In Bed

Feb. 20th, 2009 01:54 pm
fj: (tech)
I've got to become more patient when I cook. I have mild food poisoning again. Fortunately I am working at home, so I am in bed now feeling icky but wrangling CSS.

The project is the a rebranding of a developer's portal with community-contributed content. The lead contractor has made great visual designs, and I am now translating them and dropping them into the webserver. I actually have to ush around code for that because text needs to appear in different places than it used to to make it work, so it is all UI programming. The new look will be unveiled in the future.

My 3d developer's community portal with user-contributed content. It feels all very familiar.
fj: (tech)
"With a HD panel watching a film in the dark it's just better than the cinema. The sound is blissful high-def clarity. Everyone know that THX soundtest some DVDs have at the start of the film? Put that on through these and it will literally rip your face off."

User-contributed review of the Logitech Z5500 THX certified surround sound system on Play.com
fj: (tech)
Hey Joel, I am sure someone has told you already, but usually to use Nokia Phones as way to connect to the Internet, you don't need a buggy 3d party tool. Just use tell your laptop to use the attached phone as a modem, and dial *99#.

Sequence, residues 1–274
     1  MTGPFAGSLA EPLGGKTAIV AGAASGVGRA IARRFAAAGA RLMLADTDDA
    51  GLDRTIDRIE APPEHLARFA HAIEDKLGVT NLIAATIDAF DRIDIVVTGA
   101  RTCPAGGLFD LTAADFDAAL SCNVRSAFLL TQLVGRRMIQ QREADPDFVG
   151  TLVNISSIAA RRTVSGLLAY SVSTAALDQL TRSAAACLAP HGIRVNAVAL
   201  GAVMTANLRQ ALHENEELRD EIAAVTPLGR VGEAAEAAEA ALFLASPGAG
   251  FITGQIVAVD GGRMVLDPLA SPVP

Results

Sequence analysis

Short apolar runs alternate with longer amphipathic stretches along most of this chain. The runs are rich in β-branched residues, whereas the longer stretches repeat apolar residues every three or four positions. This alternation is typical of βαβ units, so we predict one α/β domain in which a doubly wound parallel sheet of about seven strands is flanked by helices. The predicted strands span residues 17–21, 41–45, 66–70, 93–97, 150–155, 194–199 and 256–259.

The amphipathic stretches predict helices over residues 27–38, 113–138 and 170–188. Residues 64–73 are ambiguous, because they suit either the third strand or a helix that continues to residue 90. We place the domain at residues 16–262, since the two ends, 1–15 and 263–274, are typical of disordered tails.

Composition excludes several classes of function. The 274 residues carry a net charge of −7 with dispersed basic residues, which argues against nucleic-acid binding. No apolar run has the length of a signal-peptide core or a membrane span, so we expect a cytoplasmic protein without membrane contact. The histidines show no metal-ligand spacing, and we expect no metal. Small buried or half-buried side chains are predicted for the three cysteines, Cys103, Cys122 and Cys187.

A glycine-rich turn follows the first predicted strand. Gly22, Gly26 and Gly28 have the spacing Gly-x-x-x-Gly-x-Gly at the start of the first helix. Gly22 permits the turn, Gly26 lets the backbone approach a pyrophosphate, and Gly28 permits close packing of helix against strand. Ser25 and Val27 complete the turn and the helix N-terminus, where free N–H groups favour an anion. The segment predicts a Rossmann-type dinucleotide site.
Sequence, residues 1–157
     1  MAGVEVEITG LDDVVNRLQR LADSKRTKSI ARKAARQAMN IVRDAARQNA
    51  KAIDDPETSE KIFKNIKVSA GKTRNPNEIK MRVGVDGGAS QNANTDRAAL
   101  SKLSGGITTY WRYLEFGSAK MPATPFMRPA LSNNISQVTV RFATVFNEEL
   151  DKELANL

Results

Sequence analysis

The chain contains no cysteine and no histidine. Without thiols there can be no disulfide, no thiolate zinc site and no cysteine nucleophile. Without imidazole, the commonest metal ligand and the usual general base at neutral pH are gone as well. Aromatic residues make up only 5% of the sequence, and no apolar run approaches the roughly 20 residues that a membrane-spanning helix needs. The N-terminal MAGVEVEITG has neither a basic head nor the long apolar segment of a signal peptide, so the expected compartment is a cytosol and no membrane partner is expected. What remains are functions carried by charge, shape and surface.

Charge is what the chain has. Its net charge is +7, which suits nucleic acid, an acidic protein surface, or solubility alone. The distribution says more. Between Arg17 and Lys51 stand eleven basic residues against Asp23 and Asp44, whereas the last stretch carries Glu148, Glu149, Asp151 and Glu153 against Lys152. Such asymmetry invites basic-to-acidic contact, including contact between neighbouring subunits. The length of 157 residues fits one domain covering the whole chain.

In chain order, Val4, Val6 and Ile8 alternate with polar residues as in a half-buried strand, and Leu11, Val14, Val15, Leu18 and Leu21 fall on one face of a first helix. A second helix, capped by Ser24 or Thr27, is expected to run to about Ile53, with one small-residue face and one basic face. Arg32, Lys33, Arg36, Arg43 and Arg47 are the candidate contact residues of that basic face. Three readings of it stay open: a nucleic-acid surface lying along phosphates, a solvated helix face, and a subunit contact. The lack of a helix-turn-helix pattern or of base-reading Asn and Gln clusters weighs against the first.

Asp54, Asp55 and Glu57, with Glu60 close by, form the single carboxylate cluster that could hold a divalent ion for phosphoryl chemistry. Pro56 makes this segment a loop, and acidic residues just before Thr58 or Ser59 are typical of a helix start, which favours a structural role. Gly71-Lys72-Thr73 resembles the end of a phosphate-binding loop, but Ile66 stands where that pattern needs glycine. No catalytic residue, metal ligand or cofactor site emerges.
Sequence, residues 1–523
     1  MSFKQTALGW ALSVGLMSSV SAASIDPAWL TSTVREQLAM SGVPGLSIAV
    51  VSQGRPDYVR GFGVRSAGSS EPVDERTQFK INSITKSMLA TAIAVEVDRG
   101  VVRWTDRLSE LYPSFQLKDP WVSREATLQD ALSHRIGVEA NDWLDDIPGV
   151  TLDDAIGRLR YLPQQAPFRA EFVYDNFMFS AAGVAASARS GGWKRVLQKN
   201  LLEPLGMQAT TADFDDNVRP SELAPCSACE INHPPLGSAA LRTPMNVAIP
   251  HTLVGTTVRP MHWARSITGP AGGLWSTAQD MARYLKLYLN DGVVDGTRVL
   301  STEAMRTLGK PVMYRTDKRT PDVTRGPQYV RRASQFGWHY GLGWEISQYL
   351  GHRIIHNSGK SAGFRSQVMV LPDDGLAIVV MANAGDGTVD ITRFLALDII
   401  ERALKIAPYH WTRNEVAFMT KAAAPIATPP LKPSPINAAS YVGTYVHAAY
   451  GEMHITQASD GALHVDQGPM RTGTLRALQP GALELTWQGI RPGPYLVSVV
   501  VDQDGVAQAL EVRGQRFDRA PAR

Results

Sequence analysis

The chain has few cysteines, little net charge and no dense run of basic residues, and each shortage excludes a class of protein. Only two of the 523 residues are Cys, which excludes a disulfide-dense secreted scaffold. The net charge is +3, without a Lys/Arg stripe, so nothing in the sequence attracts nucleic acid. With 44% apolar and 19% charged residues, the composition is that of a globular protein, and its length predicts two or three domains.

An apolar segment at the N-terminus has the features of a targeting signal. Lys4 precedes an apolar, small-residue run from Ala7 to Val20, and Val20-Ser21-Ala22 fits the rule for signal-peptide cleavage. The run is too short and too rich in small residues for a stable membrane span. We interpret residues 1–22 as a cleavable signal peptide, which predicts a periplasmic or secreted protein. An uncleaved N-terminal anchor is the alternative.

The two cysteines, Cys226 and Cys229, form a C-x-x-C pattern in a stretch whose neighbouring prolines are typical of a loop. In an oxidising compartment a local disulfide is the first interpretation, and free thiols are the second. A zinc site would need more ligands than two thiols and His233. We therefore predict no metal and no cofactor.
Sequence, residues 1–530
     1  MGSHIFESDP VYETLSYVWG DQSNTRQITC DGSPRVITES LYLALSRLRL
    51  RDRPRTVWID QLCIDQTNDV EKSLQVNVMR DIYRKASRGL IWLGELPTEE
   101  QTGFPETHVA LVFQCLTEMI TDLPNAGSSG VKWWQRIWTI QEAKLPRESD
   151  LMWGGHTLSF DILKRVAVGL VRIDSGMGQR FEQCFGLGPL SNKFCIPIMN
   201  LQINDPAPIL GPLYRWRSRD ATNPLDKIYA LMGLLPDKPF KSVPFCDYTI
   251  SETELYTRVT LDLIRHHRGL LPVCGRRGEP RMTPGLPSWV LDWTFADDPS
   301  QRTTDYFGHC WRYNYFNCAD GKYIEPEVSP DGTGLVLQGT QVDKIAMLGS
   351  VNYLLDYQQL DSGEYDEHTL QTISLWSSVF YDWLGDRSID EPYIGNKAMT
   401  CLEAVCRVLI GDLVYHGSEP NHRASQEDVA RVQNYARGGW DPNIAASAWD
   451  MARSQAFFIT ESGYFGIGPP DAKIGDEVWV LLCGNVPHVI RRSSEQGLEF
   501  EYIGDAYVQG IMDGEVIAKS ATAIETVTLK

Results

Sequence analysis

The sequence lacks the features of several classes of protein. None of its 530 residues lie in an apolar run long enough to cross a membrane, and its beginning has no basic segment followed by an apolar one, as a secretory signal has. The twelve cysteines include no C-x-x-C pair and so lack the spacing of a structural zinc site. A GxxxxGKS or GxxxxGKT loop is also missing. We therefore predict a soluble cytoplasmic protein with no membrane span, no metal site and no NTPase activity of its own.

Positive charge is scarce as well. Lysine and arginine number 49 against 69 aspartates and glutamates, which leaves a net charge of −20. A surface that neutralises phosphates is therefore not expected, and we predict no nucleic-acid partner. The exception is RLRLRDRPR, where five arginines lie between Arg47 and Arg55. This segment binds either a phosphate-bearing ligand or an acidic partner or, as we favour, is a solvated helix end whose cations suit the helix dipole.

Yeah, modem. You know, what we used phones for. You can use the supplied USB cable, or the Bluetooth tethering. Even on Macs. Yes, iPhones don't know how to do that. And it will save you battery because you can switch the WiFi on your laptop and your phone off.
fj: (tech)
So I had this issue with Yahoo. I have a Yahoo ID, and I also ordered AT&T / Yahoo co-branded DSL, which makes you create an ID. Yahoo allows you to merge both IDs to make things simpler. Alas, when I stopped my AT&T DSL, my old Yahoo ID stopped working. No more Flickr. No more Yahoo Radio. No more Yahoo Messenger. I tried numerous times to get some information, until I finally did, from an AT&T rep, who basically told me I had to wait.

Except that that wasn't it. I waited for as long as I was told, but the AT&T servers did not purge my account and allow my Yahoo account to work again.  A new tech chat tells me that no, the previous tech had it wrong, I should have logged in using my old AT&T ID and done an unmerge and then things would have worked again. Now it is too late, you have to wait 100 days until some server does some automatic thing, no you can't log in now using your AT&T ID to do the unmerge because it has been to long -- yeah, because I had been previously told to wait -- so your AT&T ID is disabled as well.